Addressing thousands of execs at RFID World, Wal-Mart CIO Linda Dillman said the debate about whether RFID will happen is over.
Linda Dillman, CIO of the world's largest retailer with revenue in excess of $250 billion a year, is one happy executive. Wal-Mart Stores Inc., which took little-known radio-frequency identification and made it the hottest supply-chain technology around, is on track to have RFID in 600 stores and 12 distribution centers by year's end.
"The best thing about being here today is we are now past January 2005, and I don't have to stand up here and debate whether it will happen, because it did," Dillman told thousands of executives attending this week's RFID World Conference & Exhibition in Dallas. Since revealing two years ago that it wanted its top suppliers to begin shipping RFID-tagged cases and pallets of goods in January, Wal-Mart has installed 14,000 pieces of hardware, has run 230 miles of cable, and is live with more than 100 suppliers. RFID is installed in 104 Wal-Mart stores, 36 Sam's Clubs, and three distribution centers.
Wal-Mart and other retailers say RFID will help them track goods throughout the supply chain and ultimately will help them get the right products in the right stores at the right time. It'll also help locate specific products anywhere in the supply chain, which should make recalls easier to manage. "Getting merchandise to the shelf is important to us," Dillman said. "Tracking recalls is one of the next projects Wal-Mart is working on."
RFID is not new. But before Wal-Mart revealed its initiative, the technology was used mainly for tracking very high-value assets. One analyst has called RFID "the oldest emerging technology," said Julie England, VP of Texas Instruments Inc. and general manager of its RFID business. England kicked off the opening of the show, which has grown from a mere 250 attendees two years ago in Fort Lauderdale, Fla., to more than 3,000 attendees today.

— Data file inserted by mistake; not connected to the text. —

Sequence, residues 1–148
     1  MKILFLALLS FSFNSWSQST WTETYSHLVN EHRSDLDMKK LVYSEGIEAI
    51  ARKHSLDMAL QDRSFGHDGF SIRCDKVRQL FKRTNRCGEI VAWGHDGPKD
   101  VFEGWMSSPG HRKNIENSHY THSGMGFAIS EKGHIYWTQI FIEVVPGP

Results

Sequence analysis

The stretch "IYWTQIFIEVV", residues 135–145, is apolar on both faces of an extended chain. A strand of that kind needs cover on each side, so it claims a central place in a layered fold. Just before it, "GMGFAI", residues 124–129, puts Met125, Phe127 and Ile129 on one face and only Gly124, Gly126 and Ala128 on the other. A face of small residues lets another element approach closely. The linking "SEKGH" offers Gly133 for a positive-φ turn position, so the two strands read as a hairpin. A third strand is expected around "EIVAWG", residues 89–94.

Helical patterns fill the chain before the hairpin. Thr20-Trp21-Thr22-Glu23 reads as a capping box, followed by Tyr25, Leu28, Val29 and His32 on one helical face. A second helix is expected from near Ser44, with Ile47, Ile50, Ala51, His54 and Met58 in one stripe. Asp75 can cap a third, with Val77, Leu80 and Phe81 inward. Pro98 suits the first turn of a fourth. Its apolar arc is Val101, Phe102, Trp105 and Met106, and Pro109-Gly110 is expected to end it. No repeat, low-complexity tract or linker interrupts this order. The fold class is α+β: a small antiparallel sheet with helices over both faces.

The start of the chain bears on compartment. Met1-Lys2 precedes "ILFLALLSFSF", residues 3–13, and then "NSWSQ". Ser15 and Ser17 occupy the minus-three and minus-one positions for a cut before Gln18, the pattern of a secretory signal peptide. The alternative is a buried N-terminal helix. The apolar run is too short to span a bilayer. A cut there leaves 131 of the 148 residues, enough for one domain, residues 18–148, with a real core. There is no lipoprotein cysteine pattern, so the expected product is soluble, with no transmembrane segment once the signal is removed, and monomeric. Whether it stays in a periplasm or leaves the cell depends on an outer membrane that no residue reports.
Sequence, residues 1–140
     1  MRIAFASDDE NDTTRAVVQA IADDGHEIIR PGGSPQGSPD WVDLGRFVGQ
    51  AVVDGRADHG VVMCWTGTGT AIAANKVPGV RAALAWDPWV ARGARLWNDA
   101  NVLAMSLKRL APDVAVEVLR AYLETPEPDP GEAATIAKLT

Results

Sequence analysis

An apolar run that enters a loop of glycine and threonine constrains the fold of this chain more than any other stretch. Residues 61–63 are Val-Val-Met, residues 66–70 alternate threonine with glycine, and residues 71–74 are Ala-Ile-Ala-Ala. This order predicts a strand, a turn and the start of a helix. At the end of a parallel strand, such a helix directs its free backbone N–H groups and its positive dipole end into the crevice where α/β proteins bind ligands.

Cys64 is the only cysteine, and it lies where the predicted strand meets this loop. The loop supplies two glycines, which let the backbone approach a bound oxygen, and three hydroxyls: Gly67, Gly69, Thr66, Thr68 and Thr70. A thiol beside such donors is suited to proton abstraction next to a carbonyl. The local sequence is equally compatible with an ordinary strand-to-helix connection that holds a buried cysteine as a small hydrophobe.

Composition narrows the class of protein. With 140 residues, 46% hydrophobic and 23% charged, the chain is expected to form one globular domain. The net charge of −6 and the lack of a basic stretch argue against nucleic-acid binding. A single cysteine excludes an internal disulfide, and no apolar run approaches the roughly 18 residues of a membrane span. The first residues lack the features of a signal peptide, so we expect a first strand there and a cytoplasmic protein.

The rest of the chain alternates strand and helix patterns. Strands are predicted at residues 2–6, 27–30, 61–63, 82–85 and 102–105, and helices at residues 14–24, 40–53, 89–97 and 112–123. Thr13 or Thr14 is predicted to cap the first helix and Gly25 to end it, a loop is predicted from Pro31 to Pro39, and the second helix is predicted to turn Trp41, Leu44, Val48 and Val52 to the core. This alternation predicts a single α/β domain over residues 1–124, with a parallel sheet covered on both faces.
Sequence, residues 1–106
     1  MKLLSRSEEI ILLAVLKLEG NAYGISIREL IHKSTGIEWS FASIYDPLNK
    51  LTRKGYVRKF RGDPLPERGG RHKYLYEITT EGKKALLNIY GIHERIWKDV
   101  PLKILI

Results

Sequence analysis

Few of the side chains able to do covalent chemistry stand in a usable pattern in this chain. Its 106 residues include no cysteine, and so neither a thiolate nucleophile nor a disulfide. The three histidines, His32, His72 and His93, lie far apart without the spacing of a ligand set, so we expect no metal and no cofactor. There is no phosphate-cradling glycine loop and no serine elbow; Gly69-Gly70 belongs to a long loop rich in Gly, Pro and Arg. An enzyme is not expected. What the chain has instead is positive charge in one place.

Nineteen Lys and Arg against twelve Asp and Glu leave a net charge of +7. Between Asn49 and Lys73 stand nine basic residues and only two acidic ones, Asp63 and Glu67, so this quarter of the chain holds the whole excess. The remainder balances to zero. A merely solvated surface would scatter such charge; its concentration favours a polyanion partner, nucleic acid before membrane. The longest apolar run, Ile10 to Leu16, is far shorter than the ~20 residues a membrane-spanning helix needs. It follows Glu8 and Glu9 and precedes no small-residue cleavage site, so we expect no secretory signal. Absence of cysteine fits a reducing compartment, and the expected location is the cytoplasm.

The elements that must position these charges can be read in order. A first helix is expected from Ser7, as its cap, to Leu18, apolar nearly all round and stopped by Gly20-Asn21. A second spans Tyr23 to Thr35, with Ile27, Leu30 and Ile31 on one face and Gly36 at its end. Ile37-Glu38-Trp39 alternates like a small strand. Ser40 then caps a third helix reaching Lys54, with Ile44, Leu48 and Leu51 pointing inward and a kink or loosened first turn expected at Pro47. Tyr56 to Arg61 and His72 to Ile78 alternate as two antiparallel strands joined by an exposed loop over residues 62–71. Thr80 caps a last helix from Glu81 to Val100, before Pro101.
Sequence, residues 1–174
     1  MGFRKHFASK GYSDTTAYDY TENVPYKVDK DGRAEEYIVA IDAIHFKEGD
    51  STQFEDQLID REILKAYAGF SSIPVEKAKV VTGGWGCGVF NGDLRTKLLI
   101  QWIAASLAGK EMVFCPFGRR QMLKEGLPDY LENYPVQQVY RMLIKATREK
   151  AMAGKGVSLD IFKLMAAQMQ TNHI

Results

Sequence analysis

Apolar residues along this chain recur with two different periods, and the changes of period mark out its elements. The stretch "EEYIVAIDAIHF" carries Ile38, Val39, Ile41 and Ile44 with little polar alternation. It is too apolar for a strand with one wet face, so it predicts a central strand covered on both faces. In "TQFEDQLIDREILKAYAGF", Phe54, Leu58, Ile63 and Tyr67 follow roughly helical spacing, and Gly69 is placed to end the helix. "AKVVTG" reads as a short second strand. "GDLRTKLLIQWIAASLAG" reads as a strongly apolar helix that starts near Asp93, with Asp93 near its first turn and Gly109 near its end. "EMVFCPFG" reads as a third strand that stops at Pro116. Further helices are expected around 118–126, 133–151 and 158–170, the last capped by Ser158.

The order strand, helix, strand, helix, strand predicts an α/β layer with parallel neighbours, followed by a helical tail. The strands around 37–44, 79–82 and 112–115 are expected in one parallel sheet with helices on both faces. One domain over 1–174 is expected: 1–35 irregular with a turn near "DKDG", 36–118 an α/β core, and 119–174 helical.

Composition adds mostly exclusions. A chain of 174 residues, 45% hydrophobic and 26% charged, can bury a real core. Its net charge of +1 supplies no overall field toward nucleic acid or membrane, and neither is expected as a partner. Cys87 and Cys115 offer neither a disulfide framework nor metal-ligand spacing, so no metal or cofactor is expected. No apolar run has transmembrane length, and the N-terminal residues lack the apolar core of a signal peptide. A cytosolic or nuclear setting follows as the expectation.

Wal-Mart's RFID efforts to date have taught the retailer a lot about the technology, Dillman said. "The data is critical, and suppliers are starting to use the data in different ways," she said, citing benefits ranging from total supply-chain visibility, improved product in-stock rates, and protection against product counterfeiting.
Processes in the past year have changed, and Wal-Mart has learned what's needed for rapid deployment of RFID technology and how to minimize deployment costs. "The model we had a year ago you couldn't have deployed it in 104 stores," she said.
"The message I want you to take away is, it's working--we aren't doing it as an exercise," Dillman told attendees. "From the manufacturer to the suppliers to the customer there is a benefit. Start sooner than later. I don't know about you, but I don't like to be a follower. Start small. Our team in the first year had five associates that made this happen at Wal-Mart; today we have nine. If you have a small group that understands the business and have faith, you can make it happen. Recognize it's a journey. It's not a single step."
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